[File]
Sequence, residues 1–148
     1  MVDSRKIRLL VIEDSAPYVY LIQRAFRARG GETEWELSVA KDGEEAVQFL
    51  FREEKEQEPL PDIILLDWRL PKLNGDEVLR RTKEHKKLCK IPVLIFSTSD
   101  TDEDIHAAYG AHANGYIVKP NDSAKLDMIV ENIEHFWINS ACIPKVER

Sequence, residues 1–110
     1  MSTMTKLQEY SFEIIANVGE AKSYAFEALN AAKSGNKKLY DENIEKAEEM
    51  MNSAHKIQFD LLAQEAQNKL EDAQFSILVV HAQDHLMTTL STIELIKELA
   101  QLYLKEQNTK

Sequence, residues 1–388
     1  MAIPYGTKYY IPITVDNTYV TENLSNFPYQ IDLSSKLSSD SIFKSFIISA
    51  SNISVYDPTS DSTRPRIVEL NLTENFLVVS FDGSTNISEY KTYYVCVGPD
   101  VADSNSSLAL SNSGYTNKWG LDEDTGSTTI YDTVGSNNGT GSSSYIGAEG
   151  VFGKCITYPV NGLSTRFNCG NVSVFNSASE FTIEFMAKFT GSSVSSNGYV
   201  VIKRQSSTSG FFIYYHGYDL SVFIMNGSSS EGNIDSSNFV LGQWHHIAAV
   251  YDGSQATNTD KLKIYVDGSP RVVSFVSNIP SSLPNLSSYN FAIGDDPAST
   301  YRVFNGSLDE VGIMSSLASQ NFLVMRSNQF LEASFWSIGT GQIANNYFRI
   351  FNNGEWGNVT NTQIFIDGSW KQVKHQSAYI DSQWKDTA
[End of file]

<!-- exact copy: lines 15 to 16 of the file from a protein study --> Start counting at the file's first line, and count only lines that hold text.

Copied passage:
   251  YDGSQATNTD KLKIYVDGSP RVVSFVSNIP SSLPNLSSYN FAIGDDPAST
   301  YRVFNGSLDE VGIMSSLASQ NFLVMRSNQF LEASFWSIGT GQIANNYFRI